I’ve got NEWS.
THE BIG KIND.
The kind that requires an excessive number of gifs.
I am over-the-moon excited to announce that I am now represented by the lovely, brilliant, and utterly fabulous…
I’ve been pinching myself all weekend, and I still can’t quite believe it’s true. Holly is far and away my dream agent, and I cannot begin to express how blessed I am to be working with her, or how stupid-giddy-excited I am as we embark on the author-agent journey together.
If you are not entrenched in the publishing world (bless you, and your sanity) and aren’t sure what an agent is, or the role they play in the publication process, or why this is a Big Freaking Deal, check out Part 1 of Susan Dennard’s post on How to Get Traditionally Published. (Then read Parts 2 and 3, because they are Quite Informative and one of the clearest descriptions I’ve read on how this whole crazy looooooong process works.)
If you want to hear the nitty-gritty of how I came to sign with Holly, stay tuned. I predict I shall be long-winded. Both because I am long-winded, and because it was a long, windy road to get here.
This story actually starts a few years ago, back when I first started this blog. One day, through a series of random events, I happened to discover that a girl I went to college with was now a literary agent who represented a lot of YA. This may not seem that big a deal except for one thing: I went to a tiny little private university in Arkansas that no one’s ever heard of. The odds of someone from my school becoming A Somebody in publishing are…well, I haven’t crunched the numbers, but I’m gonna go out on a limb and guess they’re not very high.
Now, this girl wasn’t someone I was close to in college. I knew her more by reputation (ie: she was Wicked Smart and Good At Many Things), and because she married a guy in my class who sang with me in chorus. I think we might have smiled and nodded and possibly exchanged a couple pleasant “heys” during our years attending the same school. That was it. So I didn’t really think of this information about her being a literary agent as anything more than a bit of interesting trivia.
Then a couple days later, I finished the book I was reading and read the acknowledgements. Whaddya know, Lit Agent Girl From College — whom you’ve probably figured out was Holly — was that author’s agent. That was two interesting coincidences in a row. I looked up some other books I was reading and about to read. Holly represented all of them. Holly was, apparently, a brilliant agent who represented exactly what I love to read. Hm.
I decided this anecdote was amusing enough for a first-contact Facebook message, despite our total barely-acquaintances-in-college status (Oh Facebook, you make it so easy to blur the lines of appropriateness). I proceeded to construct the awkwardest “Hey, you probably don’t remember me, but funny story…” message in the history of awkward Facebook messages. Holly responded almost immediately, with an “Of course I remember you! And yay for blogging, let me know if there are any books I can send you” message. Then I was even more awkward by requesting FAR TOO MANY books and saying embarrassing things and why am I bringing this up when I really hope she has forgotten all about it for all eternity? (Also, I have since come to learn that authors initiating contact with agents through FB is a BIG NO-NO. I’m guessing bloggers doing it is even worse. But I won’t ask, because we’re never going to mention that ever again.)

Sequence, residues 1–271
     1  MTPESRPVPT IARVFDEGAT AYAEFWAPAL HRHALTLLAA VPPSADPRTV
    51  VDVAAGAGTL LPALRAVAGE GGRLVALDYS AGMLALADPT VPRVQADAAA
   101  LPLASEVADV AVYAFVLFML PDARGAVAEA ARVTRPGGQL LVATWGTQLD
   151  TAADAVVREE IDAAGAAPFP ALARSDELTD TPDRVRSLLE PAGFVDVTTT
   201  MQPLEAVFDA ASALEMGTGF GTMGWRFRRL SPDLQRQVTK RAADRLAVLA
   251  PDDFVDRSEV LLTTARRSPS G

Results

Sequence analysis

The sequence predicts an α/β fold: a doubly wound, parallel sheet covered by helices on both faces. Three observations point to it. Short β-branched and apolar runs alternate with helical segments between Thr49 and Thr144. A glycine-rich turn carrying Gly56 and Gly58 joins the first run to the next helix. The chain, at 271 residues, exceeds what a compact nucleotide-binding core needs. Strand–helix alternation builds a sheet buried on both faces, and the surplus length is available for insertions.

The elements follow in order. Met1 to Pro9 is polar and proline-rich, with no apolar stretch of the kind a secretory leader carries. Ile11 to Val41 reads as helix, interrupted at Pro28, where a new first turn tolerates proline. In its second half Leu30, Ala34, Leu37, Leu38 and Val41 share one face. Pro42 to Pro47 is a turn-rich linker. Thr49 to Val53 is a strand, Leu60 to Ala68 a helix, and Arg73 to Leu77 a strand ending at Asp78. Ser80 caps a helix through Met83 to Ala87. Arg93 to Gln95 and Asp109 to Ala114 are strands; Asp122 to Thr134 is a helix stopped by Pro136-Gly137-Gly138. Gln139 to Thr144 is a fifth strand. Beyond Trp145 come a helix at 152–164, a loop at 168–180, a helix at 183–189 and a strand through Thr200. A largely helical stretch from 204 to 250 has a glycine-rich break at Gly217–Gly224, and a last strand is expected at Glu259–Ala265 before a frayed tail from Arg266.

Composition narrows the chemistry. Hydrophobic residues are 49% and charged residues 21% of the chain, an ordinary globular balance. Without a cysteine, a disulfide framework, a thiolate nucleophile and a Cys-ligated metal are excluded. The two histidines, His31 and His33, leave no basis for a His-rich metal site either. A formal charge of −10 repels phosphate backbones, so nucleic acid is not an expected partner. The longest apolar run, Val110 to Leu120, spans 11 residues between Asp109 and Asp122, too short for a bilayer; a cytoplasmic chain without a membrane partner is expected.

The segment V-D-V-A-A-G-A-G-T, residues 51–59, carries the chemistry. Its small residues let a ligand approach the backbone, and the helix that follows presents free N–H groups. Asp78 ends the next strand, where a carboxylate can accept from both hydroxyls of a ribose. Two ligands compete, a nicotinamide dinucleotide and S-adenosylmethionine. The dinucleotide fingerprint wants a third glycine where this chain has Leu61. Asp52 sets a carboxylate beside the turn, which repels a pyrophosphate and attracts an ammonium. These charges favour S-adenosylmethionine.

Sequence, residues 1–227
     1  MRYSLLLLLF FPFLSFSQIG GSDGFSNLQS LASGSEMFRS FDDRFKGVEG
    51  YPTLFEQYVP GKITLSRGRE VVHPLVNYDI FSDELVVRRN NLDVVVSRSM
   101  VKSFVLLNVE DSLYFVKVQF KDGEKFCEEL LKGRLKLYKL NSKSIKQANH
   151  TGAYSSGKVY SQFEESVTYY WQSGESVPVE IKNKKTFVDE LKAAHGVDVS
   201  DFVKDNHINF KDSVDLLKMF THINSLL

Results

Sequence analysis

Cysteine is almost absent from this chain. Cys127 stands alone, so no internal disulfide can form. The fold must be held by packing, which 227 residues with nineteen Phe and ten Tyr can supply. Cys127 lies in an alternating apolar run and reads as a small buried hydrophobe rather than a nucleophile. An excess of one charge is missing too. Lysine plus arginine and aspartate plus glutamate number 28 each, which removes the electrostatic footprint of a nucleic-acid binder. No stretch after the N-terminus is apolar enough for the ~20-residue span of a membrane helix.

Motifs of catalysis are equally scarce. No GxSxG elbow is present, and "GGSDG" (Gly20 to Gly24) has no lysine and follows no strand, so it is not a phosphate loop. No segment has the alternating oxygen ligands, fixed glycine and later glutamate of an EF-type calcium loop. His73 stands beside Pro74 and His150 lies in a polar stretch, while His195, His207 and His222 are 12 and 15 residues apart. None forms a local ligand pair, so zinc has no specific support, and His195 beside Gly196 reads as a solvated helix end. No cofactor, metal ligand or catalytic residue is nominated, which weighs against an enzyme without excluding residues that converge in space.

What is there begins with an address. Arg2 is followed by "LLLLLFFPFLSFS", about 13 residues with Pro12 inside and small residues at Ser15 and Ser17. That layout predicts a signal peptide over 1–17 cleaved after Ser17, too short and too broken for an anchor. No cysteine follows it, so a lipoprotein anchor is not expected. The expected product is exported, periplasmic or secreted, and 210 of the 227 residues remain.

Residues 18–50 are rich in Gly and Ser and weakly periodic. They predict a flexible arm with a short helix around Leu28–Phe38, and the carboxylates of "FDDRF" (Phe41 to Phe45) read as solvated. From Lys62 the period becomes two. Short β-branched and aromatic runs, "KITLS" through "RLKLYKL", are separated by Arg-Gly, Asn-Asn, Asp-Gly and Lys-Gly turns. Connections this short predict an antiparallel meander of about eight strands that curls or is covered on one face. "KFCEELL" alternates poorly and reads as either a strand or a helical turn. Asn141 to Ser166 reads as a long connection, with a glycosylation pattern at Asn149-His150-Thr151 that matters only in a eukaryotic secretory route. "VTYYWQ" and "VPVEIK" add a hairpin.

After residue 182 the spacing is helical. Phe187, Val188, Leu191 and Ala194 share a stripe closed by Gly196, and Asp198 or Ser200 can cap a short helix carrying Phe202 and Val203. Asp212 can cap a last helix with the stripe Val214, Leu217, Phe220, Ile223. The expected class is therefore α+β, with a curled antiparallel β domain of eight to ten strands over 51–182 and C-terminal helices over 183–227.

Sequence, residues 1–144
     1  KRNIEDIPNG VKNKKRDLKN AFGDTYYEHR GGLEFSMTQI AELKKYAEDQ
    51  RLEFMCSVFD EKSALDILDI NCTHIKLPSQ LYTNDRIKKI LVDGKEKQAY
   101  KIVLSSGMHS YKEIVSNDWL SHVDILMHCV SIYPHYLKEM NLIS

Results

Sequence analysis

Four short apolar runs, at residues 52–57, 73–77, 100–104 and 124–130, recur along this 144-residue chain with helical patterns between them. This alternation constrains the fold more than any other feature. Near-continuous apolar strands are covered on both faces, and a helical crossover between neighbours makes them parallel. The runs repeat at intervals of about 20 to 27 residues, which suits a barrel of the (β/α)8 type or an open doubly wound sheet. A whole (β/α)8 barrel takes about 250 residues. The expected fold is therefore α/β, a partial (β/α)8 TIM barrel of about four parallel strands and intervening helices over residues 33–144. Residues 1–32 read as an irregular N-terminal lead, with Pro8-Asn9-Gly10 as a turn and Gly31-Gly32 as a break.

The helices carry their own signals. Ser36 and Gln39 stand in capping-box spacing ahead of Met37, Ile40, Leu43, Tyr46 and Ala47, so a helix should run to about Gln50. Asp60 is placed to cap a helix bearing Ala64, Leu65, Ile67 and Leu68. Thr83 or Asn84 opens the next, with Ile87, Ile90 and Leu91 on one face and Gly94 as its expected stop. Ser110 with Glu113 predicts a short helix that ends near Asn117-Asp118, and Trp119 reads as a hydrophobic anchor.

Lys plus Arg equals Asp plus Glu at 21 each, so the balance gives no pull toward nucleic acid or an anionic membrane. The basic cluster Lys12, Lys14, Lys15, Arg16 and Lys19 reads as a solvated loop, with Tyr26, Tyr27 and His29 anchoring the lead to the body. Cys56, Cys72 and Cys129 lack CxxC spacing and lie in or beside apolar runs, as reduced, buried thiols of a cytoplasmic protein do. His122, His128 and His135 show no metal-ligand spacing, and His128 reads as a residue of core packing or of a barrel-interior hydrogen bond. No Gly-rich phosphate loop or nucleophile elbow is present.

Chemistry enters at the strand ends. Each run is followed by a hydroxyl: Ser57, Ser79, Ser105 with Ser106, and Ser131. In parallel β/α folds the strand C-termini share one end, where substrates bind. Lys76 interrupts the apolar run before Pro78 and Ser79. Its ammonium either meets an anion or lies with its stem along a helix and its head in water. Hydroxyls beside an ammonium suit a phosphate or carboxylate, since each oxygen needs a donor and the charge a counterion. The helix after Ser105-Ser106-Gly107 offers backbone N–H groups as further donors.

She was lovely and gracious and did not file a restraining order. Obvious proof that she is a Class Act.
A couple months later, I got the idea to write a book. A fantasy.
It was weird. I’d never had a book idea before. But I decided to try, because why not? It could be fun.
I did everything wrong. I didn’t plot at all. I flew by the seat of my pants. I wrote myself into corners. I blathered on forever with ridiculous subplots that could never, ever work. And I wrote a YA book that clocked in with a first draft of 133,000 words, which is far, far too long.
I revised and revised and revised, cutting out huge chunks and bringing it down to a more manageable length. I sent it to beta readers. They thought it was…okay. They had lots of nice things to say, but also lots of questions. Big questions.
I revised again. And again. Tried to answer their questions and fix what was broken. I eventually got it down to a 100K word revised draft that I was happy with.
When I was finishing what I thought was the final revision, I was asked by one of Holly’s clients — the lovely and brilliant Myra McEntire, whom I had met I believe a whopping three times at various book events — if I’d be interested in taking a look at her most recent manuscript and offering feedback. To this day, I still really have no idea why she asked me, since we knew each other only slightly better than Holly and I knew each other in college. (Hey, Myra, why did you ask me? Was it a dare? You can tell me if it was a dare.)
But I wasn’t about to look a gift horse in the mouth (or, like, something that’s not a terrible cliché. Man, I am so good at this writing thing.) So obviously I said yes. In exchange, Myra promised to read my book, just as soon as she passed her deadline.
As it turned out, Myra read my entire book one Saturday in early February 2013, shortly after turning her book in. Before she finished, she emailed me to say she’d already recommended it to Holly, and that I should plan to start querying on Monday, because it was Ready.
I did as I was told. I queried Holly, along with a few others, that Monday. Holly responded later that day requesting the full manuscript and congratulating me on finishing my book. No mention of my crippling awkwardness. Again, Class Act, people. I was ecstatic. I sent my story off and set about biting my nails and refreshing my email and starting a new story.